Reader letter: All cyclists need to get a bell after my boy, 4, was run over in Norwich
- Credit: Submitted
I felt compelled to write a letter to the newspaper after a harrowing experience that myself and my family had a few weeks ago.
We had happily set off to walk to Chapelfield Park to enjoy the tea party as part of the Norwich and Norfolk Festival with my four year old son.
We stopped and took in the view on the Bishop's Bridge, but as we turned away from the bridge my four year old son was run down by a cyclist who was travelling too fast.
My poor boy was hit hard in the back sending him hurtling to the floor as he went down, the bike then subsequently ran over his face, right in front of me. I will never shake this image from my mind.
Fortunately, little Olly was fine, with only bumps and bruises, no broken bones, but it was a very harrowing experience which has traumatised him and upset us too.
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I'm a keen cyclist and I welcome improvements in cycling in our city and the better air quality and health it gives us, however, these shared pedestrian and cycle paths can be very dangerous.
The council has a duty of care to minimise these hybrid solutions which work poorly for both cyclists and pedestrians as they are dangerous.
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I read in an earlier Evening News about a similar incident where a pedestrian was hit by a cyclist and it gave me the idea to launch the Buy a Bell campaign.
I did some investigating and discovered that bikes are fitted with a bell at the point of sale under the Pedal Bicycles Safety regulations, but there is no legal requirement for a bike to have a bell while being used out on the roads.
The idea of the campaign is a simple:
that every bike on the streets and shared pavements of Norwich is fitted with a bell;
that the bike servicing industry can help by including in the cost of a service a new, basic bell and that they advise their customers of the importance of having and using a bell while out cycling;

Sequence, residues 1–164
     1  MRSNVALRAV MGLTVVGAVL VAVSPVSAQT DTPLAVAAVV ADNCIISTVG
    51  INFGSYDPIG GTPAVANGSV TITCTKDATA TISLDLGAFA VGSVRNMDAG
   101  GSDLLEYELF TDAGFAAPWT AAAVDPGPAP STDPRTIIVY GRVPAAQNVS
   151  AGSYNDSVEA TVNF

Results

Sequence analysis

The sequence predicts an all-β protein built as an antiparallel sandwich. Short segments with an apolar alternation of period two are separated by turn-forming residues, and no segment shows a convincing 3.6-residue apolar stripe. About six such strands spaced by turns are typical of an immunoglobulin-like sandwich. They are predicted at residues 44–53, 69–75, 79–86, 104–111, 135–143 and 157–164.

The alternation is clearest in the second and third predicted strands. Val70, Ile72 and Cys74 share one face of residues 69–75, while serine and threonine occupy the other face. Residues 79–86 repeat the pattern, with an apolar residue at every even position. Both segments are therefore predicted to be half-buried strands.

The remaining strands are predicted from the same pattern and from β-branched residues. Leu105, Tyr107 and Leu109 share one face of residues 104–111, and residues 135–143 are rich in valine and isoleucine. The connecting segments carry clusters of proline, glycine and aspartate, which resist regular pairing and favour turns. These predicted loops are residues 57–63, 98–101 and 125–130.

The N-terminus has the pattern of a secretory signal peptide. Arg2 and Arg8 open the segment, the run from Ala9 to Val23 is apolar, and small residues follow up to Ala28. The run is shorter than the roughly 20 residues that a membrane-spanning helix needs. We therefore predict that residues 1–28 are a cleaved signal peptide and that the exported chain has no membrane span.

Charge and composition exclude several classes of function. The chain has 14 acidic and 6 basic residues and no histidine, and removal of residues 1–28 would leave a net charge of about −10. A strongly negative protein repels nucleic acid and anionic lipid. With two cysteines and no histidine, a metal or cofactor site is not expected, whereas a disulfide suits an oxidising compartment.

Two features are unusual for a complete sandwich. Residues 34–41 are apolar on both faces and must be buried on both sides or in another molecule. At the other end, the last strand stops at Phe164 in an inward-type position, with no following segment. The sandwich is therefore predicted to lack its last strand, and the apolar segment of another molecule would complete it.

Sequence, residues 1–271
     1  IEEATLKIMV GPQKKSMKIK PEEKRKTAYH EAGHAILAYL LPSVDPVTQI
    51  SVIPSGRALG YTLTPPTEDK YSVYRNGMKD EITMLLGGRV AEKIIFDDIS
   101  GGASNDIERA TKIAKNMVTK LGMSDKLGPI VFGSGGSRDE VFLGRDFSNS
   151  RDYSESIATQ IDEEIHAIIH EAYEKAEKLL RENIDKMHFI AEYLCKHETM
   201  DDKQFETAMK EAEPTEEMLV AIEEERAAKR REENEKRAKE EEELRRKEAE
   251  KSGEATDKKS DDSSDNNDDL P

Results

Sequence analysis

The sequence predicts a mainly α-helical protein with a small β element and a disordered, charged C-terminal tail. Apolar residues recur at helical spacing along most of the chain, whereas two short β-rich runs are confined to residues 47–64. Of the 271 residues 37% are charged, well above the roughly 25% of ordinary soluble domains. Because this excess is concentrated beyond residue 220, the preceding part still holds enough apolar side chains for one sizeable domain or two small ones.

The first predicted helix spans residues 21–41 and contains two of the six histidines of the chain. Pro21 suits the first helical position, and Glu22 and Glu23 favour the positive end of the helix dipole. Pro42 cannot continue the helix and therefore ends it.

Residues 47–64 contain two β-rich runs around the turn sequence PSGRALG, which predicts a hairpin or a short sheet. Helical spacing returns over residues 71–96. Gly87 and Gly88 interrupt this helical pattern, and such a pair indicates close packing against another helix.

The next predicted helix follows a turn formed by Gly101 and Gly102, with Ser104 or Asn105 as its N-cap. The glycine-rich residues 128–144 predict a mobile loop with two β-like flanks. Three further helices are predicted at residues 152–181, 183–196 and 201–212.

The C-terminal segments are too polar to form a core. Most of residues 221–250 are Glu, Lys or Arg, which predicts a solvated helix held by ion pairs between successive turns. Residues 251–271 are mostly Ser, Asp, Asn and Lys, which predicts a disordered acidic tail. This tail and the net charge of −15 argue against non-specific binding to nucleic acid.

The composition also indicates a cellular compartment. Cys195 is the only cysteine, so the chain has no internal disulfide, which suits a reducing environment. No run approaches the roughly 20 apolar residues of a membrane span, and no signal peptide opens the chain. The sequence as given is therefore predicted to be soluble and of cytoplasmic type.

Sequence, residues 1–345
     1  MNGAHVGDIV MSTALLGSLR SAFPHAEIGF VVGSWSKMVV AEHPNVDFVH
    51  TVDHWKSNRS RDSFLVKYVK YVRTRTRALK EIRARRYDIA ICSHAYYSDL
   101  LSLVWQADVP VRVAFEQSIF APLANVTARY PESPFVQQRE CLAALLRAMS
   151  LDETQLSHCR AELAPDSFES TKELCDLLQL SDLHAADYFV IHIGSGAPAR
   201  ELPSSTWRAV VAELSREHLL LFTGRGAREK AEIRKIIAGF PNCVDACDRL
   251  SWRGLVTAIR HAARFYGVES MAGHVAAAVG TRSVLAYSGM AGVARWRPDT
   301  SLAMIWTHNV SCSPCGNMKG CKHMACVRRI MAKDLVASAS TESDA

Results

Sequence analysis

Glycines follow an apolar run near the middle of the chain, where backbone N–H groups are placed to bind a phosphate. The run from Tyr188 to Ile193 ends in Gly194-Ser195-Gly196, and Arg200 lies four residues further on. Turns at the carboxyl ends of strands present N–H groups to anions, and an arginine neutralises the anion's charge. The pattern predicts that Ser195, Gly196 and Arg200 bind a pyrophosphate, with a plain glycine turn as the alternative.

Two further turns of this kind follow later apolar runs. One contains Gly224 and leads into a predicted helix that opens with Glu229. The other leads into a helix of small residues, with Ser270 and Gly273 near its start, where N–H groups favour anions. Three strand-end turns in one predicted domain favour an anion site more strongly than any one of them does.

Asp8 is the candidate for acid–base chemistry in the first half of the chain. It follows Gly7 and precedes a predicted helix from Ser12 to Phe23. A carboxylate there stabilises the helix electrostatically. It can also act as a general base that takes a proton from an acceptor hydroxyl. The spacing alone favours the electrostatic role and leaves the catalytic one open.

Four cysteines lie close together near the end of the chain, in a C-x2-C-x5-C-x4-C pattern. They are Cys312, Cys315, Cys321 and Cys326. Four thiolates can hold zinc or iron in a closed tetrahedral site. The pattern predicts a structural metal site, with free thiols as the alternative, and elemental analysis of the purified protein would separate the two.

that existing cyclists will read this letter, go out and fit a bell right now, for only a few pounds and also encourage others to do so too;
that potentially the cycling organisations, along with the council and retail businesses, pool their resources and influence with the aim of funding a number of bells and get these out to the public,be that in schools, in the workplace or at events.
It should be socially unacceptable not to have a bell and warn of your approach in areas occupied by pedestrians. I implore every cyclist out there to slow down, take your time, think about the vulnerability of pedestrians on shared cycle and pedestrian pathways.
Cyclists need to consider how intimidating a bike is to a pedestrian.
Bikes are almost as intimidating as cars are to cyclists on the road.
If this cyclist had rang a bell, it would have given us an opportunity as parents to react, as it was he didn't have one and my son stood no chance. So please, cyclists, make sure your bike is roadworthy, study the highway code, slow down and use a bell.
Councillor Ben Price, Green Party, Norwich